The Arch is somewhat of a backwater sector in Hữu Lũng, you get the impression that not many people climb there and that you may be the first ones there for several months. However, it is hard to understand why, the arch is a striking feature and the rock is great quality. The approach is quite long and is quite interesting in its own right, you walk alongside cableways before taking a steep, faint footpath through a custard apple orchard. The farmers harvesting fruit all the way up there must be pretty fit and really have to work for their money. Arriving at the arch is a really impressive moment, it’s such an under appreciated crag in a beautiful location. There are currently just 4 routes, and one open project, but don’t let this deter you. The routes are full value, around 30 meters long and with bags of exposure, even just one would be worth the walk. The rock is naturally very smooth and frictionless, but this isn’t a problem, given the arch gets a breeze and a lot of shade it makes for a very pleasant climbing style, which is also kind on the skin.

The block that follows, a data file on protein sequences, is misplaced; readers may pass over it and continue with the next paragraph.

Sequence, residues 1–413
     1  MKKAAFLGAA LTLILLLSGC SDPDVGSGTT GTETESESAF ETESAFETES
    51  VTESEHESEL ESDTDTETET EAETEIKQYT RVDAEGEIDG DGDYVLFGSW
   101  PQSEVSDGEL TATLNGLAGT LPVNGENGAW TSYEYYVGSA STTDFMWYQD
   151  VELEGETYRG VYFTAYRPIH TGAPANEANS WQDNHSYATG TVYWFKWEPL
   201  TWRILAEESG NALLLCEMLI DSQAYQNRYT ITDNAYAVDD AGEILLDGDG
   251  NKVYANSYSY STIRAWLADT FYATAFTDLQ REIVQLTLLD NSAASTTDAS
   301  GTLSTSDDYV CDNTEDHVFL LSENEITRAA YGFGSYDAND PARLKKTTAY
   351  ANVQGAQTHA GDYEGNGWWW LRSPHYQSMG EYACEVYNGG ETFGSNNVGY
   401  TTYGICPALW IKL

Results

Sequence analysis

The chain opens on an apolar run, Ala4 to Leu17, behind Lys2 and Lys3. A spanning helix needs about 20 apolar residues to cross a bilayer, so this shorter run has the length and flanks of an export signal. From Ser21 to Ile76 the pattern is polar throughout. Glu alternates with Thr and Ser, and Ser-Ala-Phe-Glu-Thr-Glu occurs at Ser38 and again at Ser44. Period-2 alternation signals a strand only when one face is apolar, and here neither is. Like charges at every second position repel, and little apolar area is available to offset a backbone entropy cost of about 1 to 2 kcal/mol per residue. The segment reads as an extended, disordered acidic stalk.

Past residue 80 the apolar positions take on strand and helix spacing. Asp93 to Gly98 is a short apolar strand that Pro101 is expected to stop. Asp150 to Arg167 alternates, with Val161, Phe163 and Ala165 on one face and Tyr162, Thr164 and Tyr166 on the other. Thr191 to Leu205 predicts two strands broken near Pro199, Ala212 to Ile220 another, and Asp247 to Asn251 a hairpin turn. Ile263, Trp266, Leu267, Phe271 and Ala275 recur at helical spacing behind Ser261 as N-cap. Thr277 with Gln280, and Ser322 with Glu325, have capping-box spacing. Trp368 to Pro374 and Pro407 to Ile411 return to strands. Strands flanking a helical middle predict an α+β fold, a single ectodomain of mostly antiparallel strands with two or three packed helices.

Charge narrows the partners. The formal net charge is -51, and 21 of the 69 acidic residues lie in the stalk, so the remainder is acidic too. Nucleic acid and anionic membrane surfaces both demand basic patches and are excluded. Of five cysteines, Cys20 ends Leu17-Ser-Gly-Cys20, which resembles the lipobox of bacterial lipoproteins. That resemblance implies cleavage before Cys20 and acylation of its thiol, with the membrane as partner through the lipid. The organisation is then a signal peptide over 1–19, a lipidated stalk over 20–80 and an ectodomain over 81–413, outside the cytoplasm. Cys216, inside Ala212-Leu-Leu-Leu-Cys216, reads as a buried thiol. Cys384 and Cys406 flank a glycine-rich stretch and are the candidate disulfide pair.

Rest Day Activities

Visit a Temple

Religion in Vietnam is something of a melting pot compared to the likes of Laos or Cambodia. In Vietnam many people follow a combination of 3 different religions: Taoism, Confucianism and Buddhism. This is referred to as Tam giáo which means the 3 teachings. Depending on where you are or which temple you visit, the predominant religious symbolism can vary widely. An example of a temple we visited was the Jade Emperor Pagoda in Ho Chi Minh City. The pagoda is predominantly a Taoist temple, however it also contains several Buddhist elements. The pagoda was built by a man called Luu Minh, who was a follower of Tam giáo. He dedicated the pagoda to the Jade Emperor, who is a Taoist God believed to be the supreme ruler of heaven, earth and the land of the dead. Temples like this are extremely interesting to visit. Worshippers have an incredible knowledge of the deities and symbolism within the temple and complete different rituals in various parts of the temple, each for separate reasons.